During a pandemic that has killed more than 51,000 Texans so far, members of the far-right Republican Party have berated Abbott for instituting a statewide mask mandate and others precautions against their will.
After critics were so angered that they gathered to protest outside the governor’s mansion, the state’s ultra-conservative politicians clearly smelled blood. Some, including former Texas GOP President Allen West and single-term State Senator Don Huffines, have already announced they will attempt to topple Abbott next year.
“Why isn’t he here?” Huffines requested an audience at the Conservative Political Action Conference in Dallas earlier this month. âHe’s not here because he doesn’t want to confront you.
But in reality, Abbott has a $ 55 million re-election war chest and a higher Texas approval rating than Senator Ted Cruz, Senator John Cornyn, Lieutenant Governor Dan Patrick, and many other politicians from across the country. foreground, according to the Texas Tribune.
In case that wasn’t enough, he started waving his conservative credentials ahead of the election. Some believe he is posing as the flagship of the new GOP, not only to win in 2022, but also for a possible presidential candidacy.
âI don’t think of him in terms of moderate or conservative. I see him just as someone who you can expect to embrace, you know, the consensus worldview, or the predominant – the dominant – worldview of the Republican Party at some point, âsaid Jason Lee, strategist for Texas Right to Vote.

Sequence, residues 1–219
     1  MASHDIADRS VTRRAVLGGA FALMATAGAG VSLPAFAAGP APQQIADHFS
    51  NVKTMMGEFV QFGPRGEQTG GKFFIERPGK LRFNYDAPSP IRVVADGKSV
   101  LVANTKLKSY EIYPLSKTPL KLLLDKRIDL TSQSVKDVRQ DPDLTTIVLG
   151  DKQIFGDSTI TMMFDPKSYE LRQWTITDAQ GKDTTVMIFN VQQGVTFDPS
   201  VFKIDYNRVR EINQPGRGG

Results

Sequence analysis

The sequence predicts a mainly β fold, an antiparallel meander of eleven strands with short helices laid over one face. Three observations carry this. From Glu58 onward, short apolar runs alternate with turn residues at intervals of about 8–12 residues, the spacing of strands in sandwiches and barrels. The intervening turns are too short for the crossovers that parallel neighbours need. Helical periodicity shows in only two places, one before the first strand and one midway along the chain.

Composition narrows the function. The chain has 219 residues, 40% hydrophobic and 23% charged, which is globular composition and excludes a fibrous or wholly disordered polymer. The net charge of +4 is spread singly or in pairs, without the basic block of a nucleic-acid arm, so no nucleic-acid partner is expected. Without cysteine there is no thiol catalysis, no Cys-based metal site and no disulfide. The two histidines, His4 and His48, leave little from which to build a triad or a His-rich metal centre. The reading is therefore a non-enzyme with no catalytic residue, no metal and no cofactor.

In March, before the Covid-19 vaccine was widely available, Abbott opened Texas 100% and abandoned its mask tenure – a move Joe Biden called “Neanderthal thinking.” Abbott also banned government-mandated vaccine passports to avoid “stepping on the personal freedoms of Texans.”
He recently turned migrants and asylum seekers into political punch bags, announcing his intention to build a wall separating Texas from Mexico. And after Trump’s approval, he echoed the former president’s anti-immigrant rhetoric when they met for a photoshoot last month, according to the Dallas Morning News.
“It’s time to make sure that this border is sealed and closed,” Abbott said. âThe people crossing the border are cartels, gangs, smugglers and human traffickers. “
After Democrats walked out of the state prosecution to block a restrictive voting bill in the May regular legislative session, Abbott vetoed funding for the legislature and called a special session to force them to respond to their priorities. When lawmakers thwarted him again on their way to Washington DC on Monday, he vowed to stop them.
“This special session for me is all about filling out the bingo card, fixing all the burning issues that they’ve identified, and basically taking out all the arguments from his conservative challengers that he hasn’t, you know, fulfilled his conservative mission, âLee said.
The session amounts to “a political theater to be built until 2022”, said Benitez, and heads of state take the opportunity to “see who can run further to the right”. Items on the agenda do not include fixing Texas’ failing power grid that left hundreds of people dead in a devastating winter storm last February.
Instead, Abbott called on the legislature to pass bills that would tackle abortion drugs, create more barriers for people trying to get out of jail, and make it harder for Texans to vote.
âIt’s a two-step process,â Collier said. âFirst, scare the base with nonsense. Second, come up with so-called solutions and then try to win your primary. And what they don’t do is tackle the real issues.